The opinion of the court was delivered by: William M. Skretny Chief Judge United States District Court
Plaintiff Mola, Inc. alleges that the defendants, Kacey Enterprises, LLC, and Jerry
A. Kacey, intentionally copied and infringed their federal trade dress for a soft light studio photography reflector - the "Mola beauty dish." Specifically, Plaintiff asserts four causes of action: federal trade dress infringement; federal trademark dilution; dilution of trade dress under N.Y. Gen. Bus. Law § 360-1; and deceptive trade practices under N.Y. Gen. Bus. Law § 349. Plaintiff seeks a preliminary and permanent injunction against Defendants, treble damages under 15 U.S.C. § 1117(a) and N.Y. Gen. Bus. Law § 349(h), costs, and reasonable attorneys' fees.
Presently before this Court is Defendants' Motion to Dismiss*fn1 Plaintiff's complaint for lack of personal jurisdiction, improper service,*fn2 and improper venue, pursuant to Rules 12(b)(2) and 12(b)(3) of the Federal Rules of Civil Procedure. In the alternative,
Defendants move to change venue to the Western District of Washington, pursuant to 28 U.S.C. § 1404(a). For the following reasons, Defendants' motion is denied in part and granted in part.
The following facts are alleged in the complaint and are also drawn from declarations filed in support of Defendants' Rule 12(b)(2) motion. See Langenberg v. Sofair, No. 03 CV 8339, 2006 WL 2628348, at *5 (S.D.N.Y. Sept. 11, 2006) ("courts are authorized to rely on affidavits submitted by the parties in deciding a Rule 12(b)(2) motion to dismiss").
Plaintiff is a corporation incorporated under the laws of the Province of Ontario, Canada, with a principal place of business in Toronto, Ontario, Canada. (Complaint, Docket No. 1 at ¶ 6.) Plaintiff ships its Mola beauty dishes sold in the United States from freight forwarders located in Grand Island and Tonawanda, New York. (Id.) Defendant Kacey Enterprises is a limited liability company incorporated in the State of Washington, with its principal place of business in Snohomish, Washington. (Id. at ¶ 7.) Defendant Jerry A. Kacey is a resident of Washington. (Id. at ¶ 8.)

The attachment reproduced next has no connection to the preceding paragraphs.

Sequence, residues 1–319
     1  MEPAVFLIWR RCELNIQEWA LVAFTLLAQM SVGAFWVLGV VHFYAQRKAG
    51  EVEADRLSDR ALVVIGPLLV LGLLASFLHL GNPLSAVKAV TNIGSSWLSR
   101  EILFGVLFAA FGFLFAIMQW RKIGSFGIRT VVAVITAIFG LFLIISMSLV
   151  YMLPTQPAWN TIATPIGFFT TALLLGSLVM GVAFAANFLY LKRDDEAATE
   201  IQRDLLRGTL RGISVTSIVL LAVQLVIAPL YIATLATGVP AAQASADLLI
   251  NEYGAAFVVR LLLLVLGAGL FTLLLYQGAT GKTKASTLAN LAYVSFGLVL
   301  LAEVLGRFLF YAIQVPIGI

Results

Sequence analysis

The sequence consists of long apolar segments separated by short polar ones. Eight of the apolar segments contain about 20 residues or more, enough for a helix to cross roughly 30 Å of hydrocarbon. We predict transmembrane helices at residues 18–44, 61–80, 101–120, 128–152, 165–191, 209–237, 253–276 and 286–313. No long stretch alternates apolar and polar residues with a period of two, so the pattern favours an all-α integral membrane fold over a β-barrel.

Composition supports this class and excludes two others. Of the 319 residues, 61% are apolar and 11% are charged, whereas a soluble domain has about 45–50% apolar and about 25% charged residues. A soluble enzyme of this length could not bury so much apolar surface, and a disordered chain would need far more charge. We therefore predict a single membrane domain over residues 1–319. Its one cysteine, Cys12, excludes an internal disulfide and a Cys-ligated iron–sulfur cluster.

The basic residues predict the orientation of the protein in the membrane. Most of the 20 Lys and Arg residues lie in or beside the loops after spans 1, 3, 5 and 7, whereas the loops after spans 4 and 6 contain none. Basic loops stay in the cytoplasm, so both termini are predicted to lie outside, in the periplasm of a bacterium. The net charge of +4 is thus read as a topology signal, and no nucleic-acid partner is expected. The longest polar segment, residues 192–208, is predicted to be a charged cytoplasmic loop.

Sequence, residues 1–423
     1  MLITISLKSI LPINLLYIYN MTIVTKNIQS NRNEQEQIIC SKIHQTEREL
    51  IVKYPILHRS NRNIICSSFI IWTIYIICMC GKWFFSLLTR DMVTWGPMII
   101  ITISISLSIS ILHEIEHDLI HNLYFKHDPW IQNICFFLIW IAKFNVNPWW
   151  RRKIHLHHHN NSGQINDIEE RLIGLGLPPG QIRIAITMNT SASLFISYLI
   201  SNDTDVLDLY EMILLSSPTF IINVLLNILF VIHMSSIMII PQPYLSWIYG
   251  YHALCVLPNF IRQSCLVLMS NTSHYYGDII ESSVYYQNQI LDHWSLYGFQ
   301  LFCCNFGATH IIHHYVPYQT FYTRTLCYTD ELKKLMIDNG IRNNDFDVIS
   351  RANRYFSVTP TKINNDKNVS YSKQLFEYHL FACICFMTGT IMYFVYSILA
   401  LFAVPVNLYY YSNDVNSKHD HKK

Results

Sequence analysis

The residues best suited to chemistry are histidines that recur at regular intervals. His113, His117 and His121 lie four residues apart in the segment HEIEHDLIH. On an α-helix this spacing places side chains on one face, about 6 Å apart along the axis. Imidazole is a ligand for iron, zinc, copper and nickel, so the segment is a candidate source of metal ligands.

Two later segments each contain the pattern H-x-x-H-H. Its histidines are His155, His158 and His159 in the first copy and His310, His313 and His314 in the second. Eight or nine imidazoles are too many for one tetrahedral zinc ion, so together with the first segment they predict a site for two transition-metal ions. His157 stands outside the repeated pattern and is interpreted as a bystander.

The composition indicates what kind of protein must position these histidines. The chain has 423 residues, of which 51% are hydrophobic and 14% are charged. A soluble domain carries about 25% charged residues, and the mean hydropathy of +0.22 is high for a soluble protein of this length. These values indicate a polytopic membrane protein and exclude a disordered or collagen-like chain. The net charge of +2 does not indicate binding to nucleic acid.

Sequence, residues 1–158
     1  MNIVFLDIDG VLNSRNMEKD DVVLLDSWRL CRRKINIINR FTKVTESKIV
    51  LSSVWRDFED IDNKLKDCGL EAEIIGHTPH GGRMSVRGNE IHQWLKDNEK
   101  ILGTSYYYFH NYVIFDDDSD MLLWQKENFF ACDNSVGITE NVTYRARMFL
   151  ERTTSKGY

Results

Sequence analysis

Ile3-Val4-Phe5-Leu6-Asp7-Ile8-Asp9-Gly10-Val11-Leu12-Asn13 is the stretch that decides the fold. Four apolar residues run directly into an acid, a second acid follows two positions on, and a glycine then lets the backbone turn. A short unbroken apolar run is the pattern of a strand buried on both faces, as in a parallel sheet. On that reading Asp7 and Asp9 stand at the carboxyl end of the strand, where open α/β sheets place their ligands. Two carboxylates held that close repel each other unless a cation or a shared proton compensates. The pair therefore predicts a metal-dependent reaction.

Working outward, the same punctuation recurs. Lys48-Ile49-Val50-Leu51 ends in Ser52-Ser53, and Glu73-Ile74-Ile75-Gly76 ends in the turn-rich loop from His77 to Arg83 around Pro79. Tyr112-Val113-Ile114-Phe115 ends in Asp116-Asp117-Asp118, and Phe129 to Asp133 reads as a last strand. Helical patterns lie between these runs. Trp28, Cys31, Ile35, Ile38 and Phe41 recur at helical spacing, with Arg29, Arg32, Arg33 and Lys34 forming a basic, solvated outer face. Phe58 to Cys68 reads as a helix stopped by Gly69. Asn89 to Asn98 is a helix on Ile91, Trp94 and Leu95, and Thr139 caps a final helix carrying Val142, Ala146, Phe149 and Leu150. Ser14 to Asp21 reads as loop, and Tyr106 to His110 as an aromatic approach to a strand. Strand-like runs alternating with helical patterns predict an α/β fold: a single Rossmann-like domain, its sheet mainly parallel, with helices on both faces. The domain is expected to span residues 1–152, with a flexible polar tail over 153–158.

Plaintiff is the creator of the Mola beauty dish (ornamental design patent no. Des. 298,469) a soft light studio photography reflector, which has been sold publically and commercially by Plaintiff in the United States under the Mola trademark since December 1989. (Id. at ¶¶ 1, 10, 14.)
Before March 2009, Defendants obtained a Mola "Demi" beauty dish, and in February 2010, obtained a Mola "Mantti" beauty dish, for the purpose of making a mold of Plaintiff's designs. (Id. at ¶¶ 20, 26.) Since March 2009, Defendants have made and continue to make, advertise, promote, sell and distribute imitations of the Mola beauty dish under the name "Kacey Beauty Reflector." (Id. at ¶ 21.) Although Plaintiff's Mola beauty dish is made from different materials, Defendants' beauty dish appears substantially similar, if not identical to, Plaintiff's beauty dish. (Id. at ¶ 23.)
"Kacey Beauty Reflectors" are sold through a website maintained by Defendants. (Id. at ¶ 28.) All products are shipped with a shipping label clearly identifying the packages as sent from Kacey Enterprises. (Jerry A. Kacey Affidavit, Docket No. 11 at ¶ 5.) Kacey Enterprises made $4,346.80 in total sales in New York in 2010, $1,001 of which was from the sale of seven "Kacey Beauty Reflectors." (Jerry A. Kacey Affidavit, Docket No. 4 at ¶ 4.) Kacey Enterprises had $106,317.77 in total sales in 2010. (Jerry A. Kacey Affidavit, Docket No. 11 at ¶ 1.)
On several occasions from May 2009 through February 2010, Plaintiff asserted its sole and exclusive ownership of all intellectual property rights in the trade dress of the Mola beauty dish, and requested that Defendants cease and desist from their wrongful acts. (Compl. at ¶ 27.)